In a futuristic city sharply divided between the working class and the city planners, the son of the city's mastermind falls in love with a working class prophet who predicts the coming of a savior to mediate their differences.
In the midst of the Russian Revolution of 1905, the crew of the battleship Potemkin mutiny against the brutal, tyrannical regime of the vessel's officers. The resulting street demonstration in Odessa brings on a police massacre.
Sergei M. Eisenstein
Sometime in the future, the city of Metropolis is home to a Utopian society where its wealthy residents live a carefree life. One of those is Freder Fredersen. One day, he spots a beautiful woman with a group of children, she and the children quickly disappear. Trying to follow her, he is horrified to find an underground world of workers who apparently run the machinery that keeps the Utopian world above ground functioning. One of the few people above ground who knows about the world below is Freder's father, John Fredersen, who is the founder and master of Metropolis. Freder learns that the woman is called Maria, who espouses the need to join the "hands" - the workers - to the "head" - those in power above - by a mediator who will act as the "heart". Freder wants to help the plight of the workers in their struggle for a better life. But when John learns of what Maria is advocating and that Freder has joined their cause, with the assistance of an old colleague. an inventor called ...Written by
For the explosion of the heart machine, Fritz Lang refused to use dummies as stand-ins for the workers thrown about. He insisted that would look phony. So extras were to be hooked to harness belts and thrown through smoke, steam and fire. To lighten the mood before shooting, he insisted that his assistant, Gustav Puttscher, try out the harness, and then had him yanked almost to the top of the soundstage and left him there. During filming, he insisted the extras show pain, even though there were no close-ups. Fortunately for him, they already were in pain. See more »
Maria is preparing to leave the catacombs and Rotwang has sneaked in to kidnap her. He diverts her attention by throwing a loose brick to the ground a short distance from himself. The candle Maria is holding is probably a prop that is actually a gas burner. A hose or cord (possibly a gas supply hose) is visible on the ground behind her on her left. She turns to her right and walks. The hose is pulled by her right heel. See more »
Look! These are your brothers! Look - ! These are your brothers!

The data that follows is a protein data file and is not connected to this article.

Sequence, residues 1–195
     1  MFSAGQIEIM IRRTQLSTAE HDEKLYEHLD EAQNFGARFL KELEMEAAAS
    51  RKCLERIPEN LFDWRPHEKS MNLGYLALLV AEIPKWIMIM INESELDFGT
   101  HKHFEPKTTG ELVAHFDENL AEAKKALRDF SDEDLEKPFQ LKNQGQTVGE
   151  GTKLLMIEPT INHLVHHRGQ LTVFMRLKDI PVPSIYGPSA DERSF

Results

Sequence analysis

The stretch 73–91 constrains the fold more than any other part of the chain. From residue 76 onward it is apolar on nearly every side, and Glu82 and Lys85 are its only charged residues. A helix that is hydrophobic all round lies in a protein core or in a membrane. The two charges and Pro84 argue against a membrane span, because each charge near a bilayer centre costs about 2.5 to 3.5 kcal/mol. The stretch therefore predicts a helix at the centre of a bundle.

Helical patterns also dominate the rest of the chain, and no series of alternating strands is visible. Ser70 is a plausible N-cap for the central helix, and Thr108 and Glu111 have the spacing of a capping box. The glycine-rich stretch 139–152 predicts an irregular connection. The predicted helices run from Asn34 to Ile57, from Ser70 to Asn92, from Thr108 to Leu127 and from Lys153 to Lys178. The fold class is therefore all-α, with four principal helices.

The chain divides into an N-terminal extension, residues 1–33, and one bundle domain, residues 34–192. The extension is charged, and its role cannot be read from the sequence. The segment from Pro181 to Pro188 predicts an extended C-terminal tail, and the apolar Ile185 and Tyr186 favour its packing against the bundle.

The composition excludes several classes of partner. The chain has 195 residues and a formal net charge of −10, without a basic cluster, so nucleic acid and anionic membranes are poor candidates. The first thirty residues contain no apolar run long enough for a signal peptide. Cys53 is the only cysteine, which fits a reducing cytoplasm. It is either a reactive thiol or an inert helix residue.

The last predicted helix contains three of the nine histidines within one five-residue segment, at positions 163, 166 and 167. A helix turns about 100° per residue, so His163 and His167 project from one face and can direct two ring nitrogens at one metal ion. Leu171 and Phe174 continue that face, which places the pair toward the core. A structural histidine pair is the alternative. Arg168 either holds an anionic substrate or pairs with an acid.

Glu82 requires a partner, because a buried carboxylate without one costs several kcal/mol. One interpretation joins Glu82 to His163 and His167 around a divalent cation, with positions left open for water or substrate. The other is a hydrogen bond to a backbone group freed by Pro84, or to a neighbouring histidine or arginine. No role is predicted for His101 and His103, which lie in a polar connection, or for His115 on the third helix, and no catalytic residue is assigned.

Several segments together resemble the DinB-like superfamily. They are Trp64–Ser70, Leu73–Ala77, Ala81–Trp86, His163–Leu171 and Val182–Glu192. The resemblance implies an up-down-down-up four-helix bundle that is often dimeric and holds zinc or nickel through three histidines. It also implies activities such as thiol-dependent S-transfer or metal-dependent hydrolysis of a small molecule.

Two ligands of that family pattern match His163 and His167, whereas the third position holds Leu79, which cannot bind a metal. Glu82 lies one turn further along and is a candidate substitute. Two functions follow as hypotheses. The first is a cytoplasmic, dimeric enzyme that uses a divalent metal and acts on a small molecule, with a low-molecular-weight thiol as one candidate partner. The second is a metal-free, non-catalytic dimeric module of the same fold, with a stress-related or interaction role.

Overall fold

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Restoration based on the version in the Filmmuseum Munich and material preserved in the Bundesarchiv-Filmarchiv See more »
In 1993 Jeff Forrester / USA Networks produced NEW copyrighted versions of mainstream silent films w/ EXCLUSIVE scores & NEW inter-titles. All but one (METROPOLIS) were in black & white. There were 7 in total. They were aired on the SYFY (SCI-FI) Channel during the Christmas holiday in 1993 as part of SCI-FI Channel's Silent Cinema marathon. It was hosted by renowned film critic Jeffrey Lyons & was taped @ the AMERICAN MUSEUM OF THE MOVING IMAGE in Astoria, NY. These particular versions have NEVER been available in ANY home video format. Their whereabouts are currently unknown. They were distributed by JORDEXX TELEVISION, INC. See more »
Fritz Lang's Metropolis is the first true masterpiece of science fiction in film. You can see it's influence in films such as Star Wars, The Matrix, Dr. Strangelove or: How I Learned to Stop Worrying and Love the Bomb, Blade Runner, and countless others. Despite the fact that parts of the film are no longer available, the efforts to reconstruct the original film from its remains are valiant enough to provide enough to make the story clear. The special effects were far ahead of their time and the set designs were, in some cases, phenomenal. I can see where some people may not enjoy this movie. It is hard for some to really appreciate a movie that is 77 years old, because a lot has happened in film since then. Yet, if you look at the basic elements of this movie - its story, characters, artwork, cinematography, etc., I believe this movie has just as much to offer now as it must have in the late 1920's. Also, take into consideration the asthetics of German expressionist film when viewing this. The performances and set designs are going to be over the top. That was part of the style. Metropolis may not be for everyone, but, for those willing to read between the lines, this film still has a lot to offer!
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